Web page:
Prune off foliage that’s been damaged or flowers that have been spent. Remove blossoms that come out in the spring so they can continue to grow before it starts fruiting.
If growing in pots, serrano will need to be repotted as it gets bigger. Use a slightly bigger container.
Replant the soil every season to ensure that it’s got enough nutrients. The roots are sensitive, so you don’t want to be rough with them.
Water well after repotting to build water runways. Check moisture level often.
If you’re in the right zone, there’s no need to worry.
Zones 9-12 should be OK for the winter as they don’t get too cold for serrano.
But if you’re in a lower zone, you can add mulch, use greenhouses, or bring them indoors if grown in containers. Otherwise, you need to re-sow the seeds next season.
Keep the plants near the warmer windows. This will help winterize them.
Don’t put them near drafts or HVAC units. Keep them away from cool areas in your house.
Serrano peppers take about 70-90 days until they’re ready for harvesting (ripe).
This will vary depending on how you care for it, temperature, humidity, plant food, sunlight, and the type of serrano pepper cultivar.
Single plants can hold up to 50 peppers with each chili being around 2 inches in length. But your results will vary.
When they’re at the full size, that’s when their taste is ideal. Here’s how to harvest serrano:
First, get a pair of garden gloves and goggles. The pepper can fling its juice or seeds into your eyes. It can also irritate the skin.
Use a sterilized pair of garden shears to cut them off the vine. Don’t pull or twist them off. This will damage the vine and may stop future ones from regrowing.
Harvest when they’re still green for optimal flavor. But you can allow them to fully ripen for peak color if that’s important for presentation.
Frequent harvesting will help encourage more flowers, which encourages more peppers.
Don’t touch your skin or face when harvesting. Use common sense. Serranos are pretty HOT.
Plant in succession for multiple harvests throughout the growing season
Serrano will store in the fridge for up to 7 days.
You can use them dried or fresh. If you’re drying serrano, keep it in a mason jar with a tight seal to prevent spoilage of dried fruit.
You can easily grow serrano in pots if you want to have the ability to move it around later on. For those with small gardens, container growing is an excellent alternative.
Portability matters for ensuring the plant gets the most sunlight it can. You can also move it indoors to shield it from the element if needed. Use a 3-gallon or 5-gallon container.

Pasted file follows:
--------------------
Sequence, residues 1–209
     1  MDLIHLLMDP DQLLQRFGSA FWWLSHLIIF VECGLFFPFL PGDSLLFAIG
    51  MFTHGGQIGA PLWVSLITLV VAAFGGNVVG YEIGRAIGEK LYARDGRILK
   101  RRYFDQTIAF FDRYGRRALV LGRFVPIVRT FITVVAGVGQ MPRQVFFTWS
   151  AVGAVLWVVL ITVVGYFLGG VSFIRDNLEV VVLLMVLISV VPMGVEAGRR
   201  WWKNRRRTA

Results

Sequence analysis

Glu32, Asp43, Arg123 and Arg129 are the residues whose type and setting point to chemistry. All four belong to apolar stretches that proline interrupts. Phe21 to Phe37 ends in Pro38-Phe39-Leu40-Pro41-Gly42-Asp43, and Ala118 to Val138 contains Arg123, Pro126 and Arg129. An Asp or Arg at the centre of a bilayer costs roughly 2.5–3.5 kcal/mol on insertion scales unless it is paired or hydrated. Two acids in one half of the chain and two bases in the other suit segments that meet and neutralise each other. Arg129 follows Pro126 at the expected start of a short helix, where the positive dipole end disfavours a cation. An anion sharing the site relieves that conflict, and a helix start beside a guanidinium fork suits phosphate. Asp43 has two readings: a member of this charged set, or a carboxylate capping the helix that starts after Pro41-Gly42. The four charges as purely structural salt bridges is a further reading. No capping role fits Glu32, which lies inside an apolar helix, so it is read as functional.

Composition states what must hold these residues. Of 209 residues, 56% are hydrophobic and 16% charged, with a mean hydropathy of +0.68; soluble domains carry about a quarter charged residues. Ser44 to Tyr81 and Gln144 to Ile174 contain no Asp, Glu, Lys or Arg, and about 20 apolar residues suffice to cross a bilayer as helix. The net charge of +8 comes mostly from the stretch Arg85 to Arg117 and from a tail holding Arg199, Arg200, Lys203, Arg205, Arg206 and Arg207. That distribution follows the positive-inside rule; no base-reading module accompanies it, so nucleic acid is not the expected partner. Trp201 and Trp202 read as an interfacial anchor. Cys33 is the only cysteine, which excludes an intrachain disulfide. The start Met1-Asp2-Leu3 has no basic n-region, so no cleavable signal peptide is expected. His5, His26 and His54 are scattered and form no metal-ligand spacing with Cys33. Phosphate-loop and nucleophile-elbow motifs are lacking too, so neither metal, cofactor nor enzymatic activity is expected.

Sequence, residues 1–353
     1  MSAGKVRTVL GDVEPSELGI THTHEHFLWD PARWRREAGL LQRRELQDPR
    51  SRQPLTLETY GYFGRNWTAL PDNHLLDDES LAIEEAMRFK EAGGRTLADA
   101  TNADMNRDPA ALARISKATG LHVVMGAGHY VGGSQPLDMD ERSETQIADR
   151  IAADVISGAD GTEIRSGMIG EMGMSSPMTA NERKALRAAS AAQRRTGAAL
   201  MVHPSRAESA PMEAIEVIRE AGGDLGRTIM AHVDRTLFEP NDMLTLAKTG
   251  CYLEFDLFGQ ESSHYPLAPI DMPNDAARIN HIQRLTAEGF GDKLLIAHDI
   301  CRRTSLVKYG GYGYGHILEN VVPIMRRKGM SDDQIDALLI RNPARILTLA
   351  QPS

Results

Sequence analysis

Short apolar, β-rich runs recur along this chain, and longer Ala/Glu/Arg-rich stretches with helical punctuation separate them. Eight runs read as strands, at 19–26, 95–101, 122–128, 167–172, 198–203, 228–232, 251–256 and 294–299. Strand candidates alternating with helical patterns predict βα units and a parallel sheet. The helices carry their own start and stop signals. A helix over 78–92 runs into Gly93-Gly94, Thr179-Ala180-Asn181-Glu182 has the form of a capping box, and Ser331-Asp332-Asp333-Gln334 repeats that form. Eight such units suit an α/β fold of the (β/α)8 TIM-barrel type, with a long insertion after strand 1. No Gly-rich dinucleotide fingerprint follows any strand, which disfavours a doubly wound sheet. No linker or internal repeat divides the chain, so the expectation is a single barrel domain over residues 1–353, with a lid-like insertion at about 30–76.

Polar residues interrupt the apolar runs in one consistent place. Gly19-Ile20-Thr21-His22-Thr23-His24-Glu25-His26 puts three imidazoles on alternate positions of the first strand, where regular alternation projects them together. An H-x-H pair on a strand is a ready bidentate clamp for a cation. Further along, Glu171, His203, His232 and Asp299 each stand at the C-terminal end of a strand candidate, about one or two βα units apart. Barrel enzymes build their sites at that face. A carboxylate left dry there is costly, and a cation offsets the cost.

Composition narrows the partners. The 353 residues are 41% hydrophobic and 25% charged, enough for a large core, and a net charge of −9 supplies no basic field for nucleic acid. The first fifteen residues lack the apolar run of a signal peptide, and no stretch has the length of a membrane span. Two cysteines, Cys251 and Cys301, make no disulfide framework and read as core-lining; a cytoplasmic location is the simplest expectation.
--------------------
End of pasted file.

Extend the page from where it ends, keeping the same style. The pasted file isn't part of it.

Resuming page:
Put a layer of pebbles at the base to help improve drainage and prevent clogging. The container should have at least 3 drainage holes. Don’t get plastic.
Choose something like terra cotta, clay, stone, or ceramic materials instead. This helps insulate the plant roots from sudden temperature changes. Fertilize regularly.
Note that container serrano will need more watering compared to garden-planted ones. Serrano will generally produce fewer peppers when grown in containers. Smaller containers will make it produce even fewer peppers.
While serrano can be grown indoors, it should be only temporary. This pepper needs the power of the sun to grow those gorgeous dark green peppers.
So you can move it inside when it’s too cold or hot outside but move it back out when the storm is gone. The only time serrano should remain inside for extended periods is during overwintering or when sowing from seed.
You want the biggest, tastiest serrano peppers you can get. So give it the warmth it needs for it to thrive.
If you want to maximize your pepper yield, choose companion plants that help benefit your serrano symbiotically.
Some plants that pair well with serrano peppers include the following:
- Swiss chard
- Other peppers
Don’t plant with
Avoid planting with kohlrabi, Brassicas, beans or fennel.
Don’t plant peppers in the same location that other members of the same genus were planted before.
This is because if you replant serrano in the same spot where some other pepper was there last season, that pepper probably used up the necessary nutrients it needs which happens to be similar to that of serrano.
So the nutrient profile in the soil column is depleted from prior.
Insects that inhabit the soil will likely infest the serrano as well, so don’t plant it with another nightshade!
Pepper plants in general are resilient to most bugs because of the, well, spicy nature they inherit. Similar to other nightshade plants, serrano has the same insect hardiness.
However, you may still get some infestations that stem from overwatering or over-fertilizing.
Common bugs you might find on your serrano include cutworms, whiteflies, caterpillars, flea beetles, thrips, spider mites, snails, slugs, aphids, or other sapsuckers.